Issue Date: February 28, 2011
Arthur C. Cope Scholar Awards: David Crich
David Crich’s contributions to organic chemistry have been so rich and varied that his nominators for the Arthur C. Cope Scholar Award found it impossible to limit their recognition of his work to just one area. Ultimately, they split the award citation, honoring Crich, 51, “for his contributions to methodology development and mechanistic investigation in the fields of synthetic carbohydrate and free-radical chemistry.”
Todd L. Lowary, a chemistry professor at the University of Alberta, in Edmonton, calls Crich “an undisputed international leader in the field of synthetic carbohydrate chemistry,” adding that “his work has changed the way the scientists in the area think about their discipline.” David J. Hart, a chemistry professor at Ohio State University, describes Crich’s contributions to free-radical chemistry as “an elegant ballet where synthetic and physical organic chemistry play the major roles.”
As an undergraduate at the University of Surrey, in England, Crich studied both chemistry and French, the latter proving especially useful when he spent a year of his undergraduate studies in France working with Sir Derek Barton at the Institut de Chimie des Substances Naturelles (ICSN), part of the Centre National de la Recherche Scientifique, in Paris. This experience prompted Crich to pursue his Ph.D. and postdoctoral studies with Barton.
Since establishing his own research effort, Crich has held faculty positions at England’s University College London; the University of Illinois, Chicago; and Wayne State University, where he was the first Schaap Professor of Organic Chemistry. Two years ago, he was lured back to France to become the director of ICSN.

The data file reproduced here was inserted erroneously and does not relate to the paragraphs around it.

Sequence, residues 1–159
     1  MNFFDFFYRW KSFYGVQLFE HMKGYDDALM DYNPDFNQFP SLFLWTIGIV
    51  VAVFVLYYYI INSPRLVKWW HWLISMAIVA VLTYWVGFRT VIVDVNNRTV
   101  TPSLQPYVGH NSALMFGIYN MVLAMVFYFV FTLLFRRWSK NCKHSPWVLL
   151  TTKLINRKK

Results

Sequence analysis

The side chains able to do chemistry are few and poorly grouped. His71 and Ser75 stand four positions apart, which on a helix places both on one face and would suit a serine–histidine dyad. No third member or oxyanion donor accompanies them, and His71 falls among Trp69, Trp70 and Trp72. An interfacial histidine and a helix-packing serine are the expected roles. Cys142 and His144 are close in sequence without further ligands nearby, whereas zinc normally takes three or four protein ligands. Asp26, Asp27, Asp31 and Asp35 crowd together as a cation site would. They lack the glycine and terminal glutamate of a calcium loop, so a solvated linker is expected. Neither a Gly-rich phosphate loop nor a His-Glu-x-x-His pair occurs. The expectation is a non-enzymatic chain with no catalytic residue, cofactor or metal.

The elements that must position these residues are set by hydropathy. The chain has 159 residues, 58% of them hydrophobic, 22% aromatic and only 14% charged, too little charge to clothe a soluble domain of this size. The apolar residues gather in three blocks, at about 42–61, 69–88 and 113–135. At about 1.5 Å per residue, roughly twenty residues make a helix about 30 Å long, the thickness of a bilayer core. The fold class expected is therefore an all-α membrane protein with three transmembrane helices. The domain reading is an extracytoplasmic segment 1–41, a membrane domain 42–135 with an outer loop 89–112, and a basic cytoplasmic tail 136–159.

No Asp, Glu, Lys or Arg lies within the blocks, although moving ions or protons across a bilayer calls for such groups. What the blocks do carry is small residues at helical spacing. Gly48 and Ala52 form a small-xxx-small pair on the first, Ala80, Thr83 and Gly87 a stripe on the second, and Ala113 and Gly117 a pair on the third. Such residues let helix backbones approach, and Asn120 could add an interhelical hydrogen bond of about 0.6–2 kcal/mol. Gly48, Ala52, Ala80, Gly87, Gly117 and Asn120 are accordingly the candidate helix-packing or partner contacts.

His numerous accomplishments in carbohydrate chemistry include an important direct stereocontrolled synthesis of β-mannopyranosides. His synthesis remains the only general and direct method for the construction of these molecules and has since been applied to carbohydrates with similar structures. Furthermore, his efforts to elucidate the mechanism of this transformation revealed that the high level of stereocontrol is due to the in situ generation of a glycosyl triflate intermediate that reacts stereoselectively with the acceptor alcohol.
“Crich’s work is organic chemistry at its best,” says Peter H. Seeberger, director of the biomolecular systems department at the Max Planck Institute of Colloids & Interfaces, in Germany. “He develops novel methods that he uses to construct biologically important molecules. In contrast to so many of the practitioners in the field, he has a very strong interest in the area of physical organic chemistry and has spent much effort to elucidate reaction mechanisms and determine the exact course of the reactions he uses.”
“I’m very proud of the fact that I’m an organic chemist, and I’m very proud of the many contributions that organic chemistry has made to society and to the innumerable improvements to our health and lifestyle over the past century or more,” Crich says. “I’m absolutely confident that chemistry conducted in a proper responsible manner still has many, many contributions to make to society, and I still think it’s a great field for young people to go into. It’s very exciting. It’s very challenging. And it has many things to give.”
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